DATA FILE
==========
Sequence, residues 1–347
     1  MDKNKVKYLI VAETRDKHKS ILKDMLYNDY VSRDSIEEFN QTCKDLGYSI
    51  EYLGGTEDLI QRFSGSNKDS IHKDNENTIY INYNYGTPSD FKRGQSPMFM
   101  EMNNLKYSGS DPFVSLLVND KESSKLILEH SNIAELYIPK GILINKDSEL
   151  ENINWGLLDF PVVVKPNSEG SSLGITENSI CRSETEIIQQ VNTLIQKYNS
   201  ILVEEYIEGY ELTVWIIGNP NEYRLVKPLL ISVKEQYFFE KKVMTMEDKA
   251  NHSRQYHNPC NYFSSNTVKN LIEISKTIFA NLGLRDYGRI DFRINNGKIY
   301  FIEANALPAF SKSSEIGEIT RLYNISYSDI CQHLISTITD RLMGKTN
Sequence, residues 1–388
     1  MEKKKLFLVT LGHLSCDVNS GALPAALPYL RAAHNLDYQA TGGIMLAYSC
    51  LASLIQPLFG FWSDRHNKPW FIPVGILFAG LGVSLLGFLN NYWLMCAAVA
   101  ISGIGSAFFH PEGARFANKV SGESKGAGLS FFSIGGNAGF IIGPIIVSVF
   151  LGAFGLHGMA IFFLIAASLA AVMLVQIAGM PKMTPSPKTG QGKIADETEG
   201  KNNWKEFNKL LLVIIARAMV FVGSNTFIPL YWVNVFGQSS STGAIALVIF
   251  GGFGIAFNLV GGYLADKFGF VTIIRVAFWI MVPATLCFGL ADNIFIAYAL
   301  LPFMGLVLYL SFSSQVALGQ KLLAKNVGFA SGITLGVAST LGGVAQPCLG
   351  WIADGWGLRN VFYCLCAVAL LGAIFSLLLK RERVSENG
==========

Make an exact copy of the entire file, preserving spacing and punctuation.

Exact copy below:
Sequence, residues 1–347
     1  MDKNKVKYLI VAETRDKHKS ILKDMLYNDY VSRDSIEEFN QTCKDLGYSI
    51  EYLGGTEDLI QRFSGSNKDS IHKDNENTIY INYNYGTPSD FKRGQSPMFM
   101  EMNNLKYSGS DPFVSLLVND KESSKLILEH SNIAELYIPK GILINKDSEL
   151  ENINWGLLDF PVVVKPNSEG SSLGITENSI CRSETEIIQQ VNTLIQKYNS
   201  ILVEEYIEGY ELTVWIIGNP NEYRLVKPLL ISVKEQYFFE KKVMTMEDKA
   251  NHSRQYHNPC NYFSSNTVKN LIEISKTIFA NLGLRDYGRI DFRINNGKIY
   301  FIEANALPAF SKSSEIGEIT RLYNISYSDI CQHLISTITD RLMGKTN
Sequence, residues 1–388
     1  MEKKKLFLVT LGHLSCDVNS GALPAALPYL RAAHNLDYQA TGGIMLAYSC
    51  LASLIQPLFG FWSDRHNKPW FIPVGILFAG LGVSLLGFLN NYWLMCAAVA
   101  ISGIGSAFFH PEGARFANKV SGESKGAGLS FFSIGGNAGF IIGPIIVSVF
   151  LGAFGLHGMA IFFLIAASLA AVMLVQIAGM PKMTPSPKTG QGKIADETEG
   201  KNNWKEFNKL LLVIIARAMV FVGSNTFIPL YWVNVFGQSS STGAIALVIF
   251  GGFGIAFNLV GGYLADKFGF VTIIRVAFWI MVPATLCFGL ADNIFIAYAL
   301  LPFMGLVLYL SFSSQVALGQ KLLAKNVGFA SGITLGVAST LGGVAQPCLG
   351  WIADGWGLRN VFYCLCAVAL LGAIFSLLLK RERVSENG